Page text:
HortNZ is speaking with younger people in the industry to see what they have been up to during the COVID-19 lockdown. This week we interview Summer Wynyard, the recently appointed Student Liaison at New Zealand Apples and Pears Inc.
Kia ora koutou katoa, my name is Summer Wynyard, and I am the Student Liaison at New Zealand Apples and Pears Inc. My role is to work with education providers to develop resources and pathways to help educate and support youth, students and unemployed people into our industry. I’m based in Hastings and will be working mainly in the Hawkes Bay, Gisborne and other major horticulture regions.
Who’s in your bubble?
In my bubble, I’ve got six people in the same house as me, and another six people from the house behind us. We’re surrounded by whanau. Right at the beginning of lockdown, our two houses decided to merge bubbles to help support each other. This was especially important because we have six children between us – three of them less than three years old.
Summer Wynyard is in her last semester of study at Massey University, but has already started working for NZ Apples and Pears Inc as a student liaison.
What have you been doing in the lockdown?
In our house (my dad’s) we’ve got three people, including myself, that have been working from home. We don’t have a dedicated office or study, so it’s just been us in the lounge/dining room. You can imagine with screaming kids running around or the teenagers blasting their music, or anyone using the kitchen that it became very challenging – especially if one of us was on a Zoom call!
Where I live currently, we’re also surrounded by orchards, a marae, veggie growers and some grazing livestock. A lot of my free time was spent getting out of the house with my siblings and exploring those areas on our daily walk. It was cool because we’ve lived here all our lives and yet, we don’t make the time to really get to know our backyards, so I have to say that throughout this lockdown I’m very fortunate for those experiences.
What do you think are the industry’s major challenges with COVID-19?
We’ve got a few challenges that have resulted from this COVID-19 crisis. Some big issues include the closure of independent retailers and growers’ financial hardships due to crops being left on the tree.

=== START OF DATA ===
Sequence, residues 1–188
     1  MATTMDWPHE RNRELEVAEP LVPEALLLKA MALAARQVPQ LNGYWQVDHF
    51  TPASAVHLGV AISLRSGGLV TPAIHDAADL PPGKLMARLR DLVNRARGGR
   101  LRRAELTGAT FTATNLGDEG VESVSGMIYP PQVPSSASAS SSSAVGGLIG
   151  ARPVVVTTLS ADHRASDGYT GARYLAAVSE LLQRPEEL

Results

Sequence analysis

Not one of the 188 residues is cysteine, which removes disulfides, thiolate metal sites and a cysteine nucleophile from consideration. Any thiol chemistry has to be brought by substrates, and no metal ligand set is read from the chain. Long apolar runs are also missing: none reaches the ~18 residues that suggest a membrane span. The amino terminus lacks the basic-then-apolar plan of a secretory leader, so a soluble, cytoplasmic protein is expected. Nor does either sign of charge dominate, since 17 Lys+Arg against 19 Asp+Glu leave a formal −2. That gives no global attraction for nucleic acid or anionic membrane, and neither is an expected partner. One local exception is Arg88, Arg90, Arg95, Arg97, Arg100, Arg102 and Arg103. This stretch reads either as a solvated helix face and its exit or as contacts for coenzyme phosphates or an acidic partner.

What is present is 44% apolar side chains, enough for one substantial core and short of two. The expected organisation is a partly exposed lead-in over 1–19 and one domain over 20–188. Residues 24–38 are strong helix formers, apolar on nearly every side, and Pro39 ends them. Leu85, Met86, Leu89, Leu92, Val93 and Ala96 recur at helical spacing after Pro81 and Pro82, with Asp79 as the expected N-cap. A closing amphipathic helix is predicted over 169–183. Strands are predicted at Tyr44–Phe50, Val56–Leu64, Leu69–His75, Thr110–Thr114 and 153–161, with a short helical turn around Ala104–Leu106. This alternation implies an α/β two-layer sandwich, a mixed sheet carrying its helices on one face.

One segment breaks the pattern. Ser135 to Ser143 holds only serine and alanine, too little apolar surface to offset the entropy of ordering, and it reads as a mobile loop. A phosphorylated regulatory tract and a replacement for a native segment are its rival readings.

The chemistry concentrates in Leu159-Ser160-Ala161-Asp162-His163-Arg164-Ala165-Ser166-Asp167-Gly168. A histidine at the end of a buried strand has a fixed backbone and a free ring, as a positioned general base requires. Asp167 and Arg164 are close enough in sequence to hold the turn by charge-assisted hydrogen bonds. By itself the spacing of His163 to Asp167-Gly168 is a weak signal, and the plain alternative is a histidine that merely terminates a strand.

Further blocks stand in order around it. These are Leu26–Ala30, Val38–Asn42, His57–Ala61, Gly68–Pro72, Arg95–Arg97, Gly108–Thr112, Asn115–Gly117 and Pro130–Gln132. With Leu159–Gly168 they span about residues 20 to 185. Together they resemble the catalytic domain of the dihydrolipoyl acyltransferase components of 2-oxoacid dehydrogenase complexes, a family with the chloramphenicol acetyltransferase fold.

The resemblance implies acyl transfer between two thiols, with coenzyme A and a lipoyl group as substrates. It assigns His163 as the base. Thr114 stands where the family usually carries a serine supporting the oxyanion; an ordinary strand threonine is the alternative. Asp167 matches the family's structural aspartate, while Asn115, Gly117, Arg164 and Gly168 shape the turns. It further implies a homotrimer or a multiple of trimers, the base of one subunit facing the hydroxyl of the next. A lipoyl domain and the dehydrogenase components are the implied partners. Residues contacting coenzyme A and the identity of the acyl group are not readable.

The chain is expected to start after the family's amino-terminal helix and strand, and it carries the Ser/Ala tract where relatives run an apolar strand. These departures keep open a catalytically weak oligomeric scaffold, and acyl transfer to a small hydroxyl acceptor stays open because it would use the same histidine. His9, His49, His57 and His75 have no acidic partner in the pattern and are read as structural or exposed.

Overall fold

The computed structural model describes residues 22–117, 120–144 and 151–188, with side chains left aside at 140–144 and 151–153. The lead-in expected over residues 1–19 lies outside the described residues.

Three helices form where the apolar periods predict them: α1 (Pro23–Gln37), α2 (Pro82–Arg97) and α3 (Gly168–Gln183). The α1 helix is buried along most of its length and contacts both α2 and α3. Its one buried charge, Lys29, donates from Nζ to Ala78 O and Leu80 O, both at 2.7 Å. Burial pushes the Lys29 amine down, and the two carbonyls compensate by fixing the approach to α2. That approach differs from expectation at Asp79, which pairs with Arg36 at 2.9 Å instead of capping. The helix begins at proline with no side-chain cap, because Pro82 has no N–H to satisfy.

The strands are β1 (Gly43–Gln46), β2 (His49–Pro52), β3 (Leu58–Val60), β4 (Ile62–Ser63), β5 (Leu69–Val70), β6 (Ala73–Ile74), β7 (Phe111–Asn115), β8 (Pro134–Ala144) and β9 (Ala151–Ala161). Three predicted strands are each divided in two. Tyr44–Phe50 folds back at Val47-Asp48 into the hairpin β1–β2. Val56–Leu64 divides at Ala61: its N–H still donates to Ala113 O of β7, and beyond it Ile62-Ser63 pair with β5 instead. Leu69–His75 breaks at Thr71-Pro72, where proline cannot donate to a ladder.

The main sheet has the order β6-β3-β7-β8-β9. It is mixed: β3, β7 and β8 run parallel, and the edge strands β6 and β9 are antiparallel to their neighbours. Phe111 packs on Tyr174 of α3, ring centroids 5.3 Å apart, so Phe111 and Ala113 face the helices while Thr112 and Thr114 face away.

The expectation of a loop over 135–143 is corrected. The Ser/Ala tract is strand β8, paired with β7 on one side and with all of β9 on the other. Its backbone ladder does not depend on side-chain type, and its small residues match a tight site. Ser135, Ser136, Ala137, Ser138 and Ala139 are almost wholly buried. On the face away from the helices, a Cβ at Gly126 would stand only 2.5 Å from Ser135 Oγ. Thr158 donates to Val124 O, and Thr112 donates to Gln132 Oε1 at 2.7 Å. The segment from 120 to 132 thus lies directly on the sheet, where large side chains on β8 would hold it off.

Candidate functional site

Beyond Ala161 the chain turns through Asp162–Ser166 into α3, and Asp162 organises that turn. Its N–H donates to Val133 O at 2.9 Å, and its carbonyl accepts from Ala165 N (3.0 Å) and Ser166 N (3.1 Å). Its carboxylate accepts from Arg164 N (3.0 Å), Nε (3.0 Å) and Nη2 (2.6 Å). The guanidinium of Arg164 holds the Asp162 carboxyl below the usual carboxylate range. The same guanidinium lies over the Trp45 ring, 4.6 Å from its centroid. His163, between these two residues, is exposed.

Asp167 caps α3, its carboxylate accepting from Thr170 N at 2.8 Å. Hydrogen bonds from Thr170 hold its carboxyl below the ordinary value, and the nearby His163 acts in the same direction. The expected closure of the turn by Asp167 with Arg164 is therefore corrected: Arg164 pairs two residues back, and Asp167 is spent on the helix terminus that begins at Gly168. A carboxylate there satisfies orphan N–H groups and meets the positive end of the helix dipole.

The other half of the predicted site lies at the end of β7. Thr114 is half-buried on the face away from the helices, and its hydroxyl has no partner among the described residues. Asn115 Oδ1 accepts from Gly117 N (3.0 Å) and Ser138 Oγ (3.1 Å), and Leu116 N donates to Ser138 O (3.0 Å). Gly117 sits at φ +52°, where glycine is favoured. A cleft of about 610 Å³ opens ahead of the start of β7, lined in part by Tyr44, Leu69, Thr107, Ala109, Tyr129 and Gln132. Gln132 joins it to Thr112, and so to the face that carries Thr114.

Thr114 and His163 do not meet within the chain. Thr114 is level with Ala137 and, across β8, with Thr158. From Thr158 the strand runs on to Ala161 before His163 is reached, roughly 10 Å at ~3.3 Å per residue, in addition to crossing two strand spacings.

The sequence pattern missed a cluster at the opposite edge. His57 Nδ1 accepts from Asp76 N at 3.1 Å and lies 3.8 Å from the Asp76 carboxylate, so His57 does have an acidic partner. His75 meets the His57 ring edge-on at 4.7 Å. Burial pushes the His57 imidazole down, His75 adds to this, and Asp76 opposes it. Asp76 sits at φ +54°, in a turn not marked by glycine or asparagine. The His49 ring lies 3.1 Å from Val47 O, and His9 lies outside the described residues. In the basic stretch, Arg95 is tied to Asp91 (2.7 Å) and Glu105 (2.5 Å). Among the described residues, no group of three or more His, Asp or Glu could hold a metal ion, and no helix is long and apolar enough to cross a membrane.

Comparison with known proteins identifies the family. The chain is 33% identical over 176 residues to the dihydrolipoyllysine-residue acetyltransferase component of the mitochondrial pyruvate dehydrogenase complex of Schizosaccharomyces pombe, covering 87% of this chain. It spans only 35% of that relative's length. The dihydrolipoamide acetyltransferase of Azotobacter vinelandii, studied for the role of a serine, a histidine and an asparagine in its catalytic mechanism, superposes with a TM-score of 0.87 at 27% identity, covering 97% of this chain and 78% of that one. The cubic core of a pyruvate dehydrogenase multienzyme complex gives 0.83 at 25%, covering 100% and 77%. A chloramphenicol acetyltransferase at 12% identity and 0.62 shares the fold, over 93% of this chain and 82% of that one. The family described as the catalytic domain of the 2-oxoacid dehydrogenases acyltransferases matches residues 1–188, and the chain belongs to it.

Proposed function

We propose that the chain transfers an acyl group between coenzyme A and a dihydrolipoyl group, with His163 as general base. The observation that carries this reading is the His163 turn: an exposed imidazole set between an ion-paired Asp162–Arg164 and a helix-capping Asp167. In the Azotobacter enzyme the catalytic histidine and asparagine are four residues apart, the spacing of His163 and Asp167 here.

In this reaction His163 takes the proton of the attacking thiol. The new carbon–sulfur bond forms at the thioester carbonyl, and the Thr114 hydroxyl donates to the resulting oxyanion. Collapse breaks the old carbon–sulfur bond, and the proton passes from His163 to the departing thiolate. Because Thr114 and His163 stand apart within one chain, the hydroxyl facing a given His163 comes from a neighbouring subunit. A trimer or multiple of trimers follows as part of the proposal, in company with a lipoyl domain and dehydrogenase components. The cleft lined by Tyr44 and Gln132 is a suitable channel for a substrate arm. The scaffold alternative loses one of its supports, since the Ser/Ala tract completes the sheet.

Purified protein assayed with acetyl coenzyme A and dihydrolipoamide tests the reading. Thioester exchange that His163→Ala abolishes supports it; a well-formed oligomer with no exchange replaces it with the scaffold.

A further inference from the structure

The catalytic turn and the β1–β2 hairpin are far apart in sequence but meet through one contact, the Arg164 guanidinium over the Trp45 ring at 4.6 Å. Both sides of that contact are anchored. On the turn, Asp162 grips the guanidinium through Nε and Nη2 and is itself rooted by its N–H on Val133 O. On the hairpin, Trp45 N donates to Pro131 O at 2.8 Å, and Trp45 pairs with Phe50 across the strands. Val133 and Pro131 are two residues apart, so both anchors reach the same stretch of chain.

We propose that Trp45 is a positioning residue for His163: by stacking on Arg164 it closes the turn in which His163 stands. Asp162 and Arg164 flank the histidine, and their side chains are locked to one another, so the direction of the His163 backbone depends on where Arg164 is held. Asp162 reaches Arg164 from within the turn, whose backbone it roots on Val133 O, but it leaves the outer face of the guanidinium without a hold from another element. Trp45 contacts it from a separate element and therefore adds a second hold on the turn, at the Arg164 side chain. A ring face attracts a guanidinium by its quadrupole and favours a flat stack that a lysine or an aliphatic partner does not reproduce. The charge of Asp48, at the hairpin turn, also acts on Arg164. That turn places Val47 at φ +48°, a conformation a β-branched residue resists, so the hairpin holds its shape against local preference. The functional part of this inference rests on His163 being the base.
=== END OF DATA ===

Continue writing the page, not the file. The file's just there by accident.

A major issue, however, at the moment is the uncertainty surrounding our labour force for the next subsequent seasons. Our RSE workers, who come from Pacific Island nations, comprise a huge chunk of our labour particular during our harvest period when they thin and pick the fruit. They’re currently still in New Zealand, but when they go back home, there is massive uncertainty as to whether or not we’ll get them back because they may not want to come back after being away from their families for so long, or due to border restrictions.
Not having our RSE workers next season, and any subsequent season after, is going to bring challenges from getting the trees set up for harvest, to getting all the fruit off the trees at harvest time.
What do you think the opportunities might be, once we’re further through COVID-19?
A massive opportunity is the chance to bring more New Zealanders into the horticulture industry and specifically our pipfruit sector. With the forecasted labour gap, there is an opportunity to support kiwis to find work in our industry. We can do this by looking at the skills that unemployed kiwis have and trying to align roles that fit those skills, or by upskilling kiwis to help support them into work in our industry.
In 2019, Summer Wynyard (Left) and Leander Archer (right) participated in the International Horticulture Immersion Program (IHIP) which took them to Europe and South Korea.
Any ideas about what the rest of 2020 will bring for you? Any plans around work or study, or it is too early to tell, given current uncertainties?
I started working with New Zealand Apples and Pears as an intern in December 2019, working on a mapping biosecurity project. That project is ongoing but I will be focused on my main role as the Student Liaison for the next 6 to 12months. I’m also in my last semester at Massey University where I’m studying towards a Bachelor of AgriScience majoring in Horticulture. Fortunately for me Massey is well set up for online learning so assuming all goes well and I pass my papers, I will graduate later in the year!
Anything else that you would like to add?
I hope everybody has been able to find enjoyment where they can during this lockdown period. Continue to stay safe everyone!